This week, Chicago guitarist Bill MacKay (a close musical companion of Ryley Walker) returns with another winningly eclectic solo LP for Drag City. The record, Fountain Fire, sneaks up on you; its songs are unassuming at first, with a loose, conversational feel to them.
But as you dig in, the colors grow more vivid and the details get sharper. Opener “Pre-California” has a propulsive rhythm and divebombing guitars. “Welcome,” meanwhile, sounds like an early Fairport Convention tune waiting for Sandy Denny to add her voice. And speaking of which, MacKay steps up to the mic for two winning vocal numbers, including the pleasingly Jansch-
Ahead of the album’s release on March 22, MacKay joined Aquarium Drunkard to discuss his shifting approaches, cinematic inspirations, and establishing his own musical vocabulary.
Aquarium Drunkard: Though you made it on your own, Fountain Fire doesn’t sound like a solo guitar record necessarily. You’re a multi-lingual guy. You speak a couple of languages. Listening to this record, I found myself attracted to the idea of conversation. Does it feel like you’re having a conversation with yourself when you make a record like this?
Bill MacKay: I suppose there is an element of that. You’re sort of hearing things as though you’re listening to a band. And yet it’s you. There’s this thing of responding to yourself. The weird thing is, you can [actually forget] that it’s even you if you get immersed in the tracks enough. I’ve found in the past that I would, years ago, do something where the tracks were almost too together. [If there’s not] enough breath, that’s easy to do. You know yourself so well, it’s easy to unconsciously remember what you did and follow it.
AD: You have to resist that?
Bill MacKay: I think when I’d start out tracking, I would say, “Oh, I have to keep it really close, ’cause the natural inclination is that it’s gonna be drifty.” Because I’m alone, I somehow have to do that, but it’s sort of the opposite. The looser you get with it, the more often things seem
AD: You’ve made a lot of collaborative records too. Do those two individual practices, solo and group or duo, require different headspaces?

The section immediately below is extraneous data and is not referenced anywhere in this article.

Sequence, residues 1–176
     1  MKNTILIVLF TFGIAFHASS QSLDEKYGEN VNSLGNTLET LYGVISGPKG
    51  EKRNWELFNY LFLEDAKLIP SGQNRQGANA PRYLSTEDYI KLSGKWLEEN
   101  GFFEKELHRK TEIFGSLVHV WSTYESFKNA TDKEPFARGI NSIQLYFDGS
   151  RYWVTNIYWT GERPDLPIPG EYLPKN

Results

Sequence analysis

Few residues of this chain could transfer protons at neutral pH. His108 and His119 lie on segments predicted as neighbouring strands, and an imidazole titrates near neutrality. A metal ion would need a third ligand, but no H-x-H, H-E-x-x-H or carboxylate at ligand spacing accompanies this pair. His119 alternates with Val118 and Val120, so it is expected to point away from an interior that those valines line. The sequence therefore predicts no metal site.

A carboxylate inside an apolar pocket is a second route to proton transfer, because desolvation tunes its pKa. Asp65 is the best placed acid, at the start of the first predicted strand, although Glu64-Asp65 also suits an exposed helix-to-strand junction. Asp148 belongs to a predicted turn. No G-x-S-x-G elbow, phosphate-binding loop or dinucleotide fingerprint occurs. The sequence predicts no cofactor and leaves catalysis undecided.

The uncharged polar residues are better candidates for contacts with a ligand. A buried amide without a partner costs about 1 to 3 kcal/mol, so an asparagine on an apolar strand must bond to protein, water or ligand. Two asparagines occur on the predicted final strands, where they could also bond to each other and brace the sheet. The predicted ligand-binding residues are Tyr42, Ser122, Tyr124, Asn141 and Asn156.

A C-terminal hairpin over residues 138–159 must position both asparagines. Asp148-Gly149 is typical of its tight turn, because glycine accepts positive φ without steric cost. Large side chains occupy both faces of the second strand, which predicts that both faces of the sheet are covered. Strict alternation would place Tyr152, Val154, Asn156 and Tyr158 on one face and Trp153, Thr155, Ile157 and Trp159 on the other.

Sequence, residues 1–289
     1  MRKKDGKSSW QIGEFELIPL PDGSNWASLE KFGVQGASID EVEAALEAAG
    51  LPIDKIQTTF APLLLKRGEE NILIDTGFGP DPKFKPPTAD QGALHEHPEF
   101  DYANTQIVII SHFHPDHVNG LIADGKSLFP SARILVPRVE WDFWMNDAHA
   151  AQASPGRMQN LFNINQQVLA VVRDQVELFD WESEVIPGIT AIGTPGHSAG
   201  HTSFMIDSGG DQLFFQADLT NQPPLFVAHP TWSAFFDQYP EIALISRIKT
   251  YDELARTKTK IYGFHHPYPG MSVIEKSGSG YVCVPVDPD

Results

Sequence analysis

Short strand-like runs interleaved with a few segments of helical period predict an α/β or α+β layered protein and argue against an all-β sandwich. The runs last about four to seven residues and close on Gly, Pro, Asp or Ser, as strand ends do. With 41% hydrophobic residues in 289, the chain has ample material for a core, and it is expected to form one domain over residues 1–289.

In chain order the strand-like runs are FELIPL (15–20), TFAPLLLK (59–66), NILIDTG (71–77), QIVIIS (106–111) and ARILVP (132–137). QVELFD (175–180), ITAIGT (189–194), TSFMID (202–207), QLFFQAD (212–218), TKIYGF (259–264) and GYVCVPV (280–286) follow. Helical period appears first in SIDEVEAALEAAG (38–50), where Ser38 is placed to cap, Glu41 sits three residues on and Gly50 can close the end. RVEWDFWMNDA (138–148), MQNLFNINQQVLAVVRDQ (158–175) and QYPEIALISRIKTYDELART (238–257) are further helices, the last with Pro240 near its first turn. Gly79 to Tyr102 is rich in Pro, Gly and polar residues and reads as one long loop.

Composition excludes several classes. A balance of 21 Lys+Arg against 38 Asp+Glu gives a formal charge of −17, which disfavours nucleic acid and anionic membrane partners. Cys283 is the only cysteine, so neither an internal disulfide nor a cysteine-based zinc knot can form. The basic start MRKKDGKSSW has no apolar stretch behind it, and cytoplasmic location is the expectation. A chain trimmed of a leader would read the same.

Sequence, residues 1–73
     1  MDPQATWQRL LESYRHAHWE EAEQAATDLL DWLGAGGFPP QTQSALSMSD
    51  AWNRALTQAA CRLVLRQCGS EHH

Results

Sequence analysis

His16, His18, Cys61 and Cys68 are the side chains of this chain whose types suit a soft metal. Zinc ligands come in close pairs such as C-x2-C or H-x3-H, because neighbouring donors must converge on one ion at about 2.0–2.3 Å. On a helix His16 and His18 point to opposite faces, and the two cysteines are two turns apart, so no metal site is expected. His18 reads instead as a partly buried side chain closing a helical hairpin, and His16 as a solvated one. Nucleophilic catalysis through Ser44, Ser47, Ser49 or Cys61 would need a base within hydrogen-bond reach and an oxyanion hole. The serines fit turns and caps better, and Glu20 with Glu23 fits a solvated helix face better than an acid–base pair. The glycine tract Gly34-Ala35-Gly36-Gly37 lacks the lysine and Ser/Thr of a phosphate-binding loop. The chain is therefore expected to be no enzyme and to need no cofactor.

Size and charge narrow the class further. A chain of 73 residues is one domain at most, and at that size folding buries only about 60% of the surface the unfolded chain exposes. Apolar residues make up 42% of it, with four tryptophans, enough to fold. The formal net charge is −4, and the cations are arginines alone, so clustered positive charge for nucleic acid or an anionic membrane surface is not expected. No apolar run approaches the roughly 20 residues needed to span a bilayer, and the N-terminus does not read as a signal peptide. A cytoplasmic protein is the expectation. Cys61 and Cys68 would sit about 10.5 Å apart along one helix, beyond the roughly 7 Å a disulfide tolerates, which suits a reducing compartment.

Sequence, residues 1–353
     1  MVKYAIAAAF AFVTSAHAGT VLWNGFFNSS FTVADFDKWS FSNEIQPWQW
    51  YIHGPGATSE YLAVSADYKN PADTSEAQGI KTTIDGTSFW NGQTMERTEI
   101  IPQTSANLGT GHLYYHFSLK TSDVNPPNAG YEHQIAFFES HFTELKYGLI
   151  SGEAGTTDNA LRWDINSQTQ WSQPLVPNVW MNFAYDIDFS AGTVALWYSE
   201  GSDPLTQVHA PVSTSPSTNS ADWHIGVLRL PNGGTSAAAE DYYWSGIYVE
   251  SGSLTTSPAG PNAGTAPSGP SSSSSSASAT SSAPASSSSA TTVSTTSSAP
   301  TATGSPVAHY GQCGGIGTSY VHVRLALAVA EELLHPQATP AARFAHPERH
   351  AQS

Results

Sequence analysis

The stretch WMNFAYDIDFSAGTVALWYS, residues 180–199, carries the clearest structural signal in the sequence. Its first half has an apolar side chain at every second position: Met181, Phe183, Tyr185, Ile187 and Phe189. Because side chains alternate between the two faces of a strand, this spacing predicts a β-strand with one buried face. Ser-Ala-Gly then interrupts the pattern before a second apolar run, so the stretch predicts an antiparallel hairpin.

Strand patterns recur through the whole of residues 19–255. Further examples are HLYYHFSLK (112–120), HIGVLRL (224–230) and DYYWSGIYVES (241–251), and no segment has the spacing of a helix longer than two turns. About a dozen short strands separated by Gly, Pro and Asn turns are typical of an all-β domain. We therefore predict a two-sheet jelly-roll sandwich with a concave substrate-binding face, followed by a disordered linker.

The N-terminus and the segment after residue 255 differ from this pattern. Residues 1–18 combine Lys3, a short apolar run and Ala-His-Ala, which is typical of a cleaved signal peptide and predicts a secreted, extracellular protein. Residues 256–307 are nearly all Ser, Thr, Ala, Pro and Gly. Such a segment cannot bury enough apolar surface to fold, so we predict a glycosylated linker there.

Bill MacKay: I had this group, Darts
AD: One of my favorite songs on this record is called “The Movie House.” Are you a theater-goer, or more of a “stay home and watch a movie” kind of guy?
Bill MacKay: One of the things that I used to do in Pittsburgh with my partner was going to the Pittsburgh Playhouse, which is sadly gone. It was one of those special, amazing theater buildings, and they had a different film every night. A miracle was just the organizing: they had all sorts of great stuff coming through there, music, film, dramas, thrillers, foreign, and experimental stuff. That was a big influence on me. Now that you mention it, I think the title might refer back to those days. C
AD: What films have inspired you?
Bill MacKay: Right off the bat, I think of Tarkovsky’s Solaris. River’s Edge was really big for me—so much atmosphere. I really love Taxi Driver, it’s always something I return to. There’s also lots of directors, like Godard and Truffaut and people like that.
AD: So often, when people talk about largely instrumental music, they refer to it as “cinematic,” so I’m always careful about not resorting to that cliche. But there’s a reason it happens.
Bill MacKay: [Laughs] People will often say they don’t like classical music, but if you ask if they like movies, they say, “Oh yeah, I love movies!” A symphony orchestra will be all over what they’re watching. [But it’s] hard to get away from those terms. I’m really suspicious of “instrumental” as a genre by itself. Which is not to say you shouldn’t talk about music and mention that there isn’t a vocal, but I think it’s funny in a way that people put such a division between those things. If you describe something as instrumental to somebody, they’d have every right to think that it’s heavy metal or French harpsichord music versus something else as equally particular.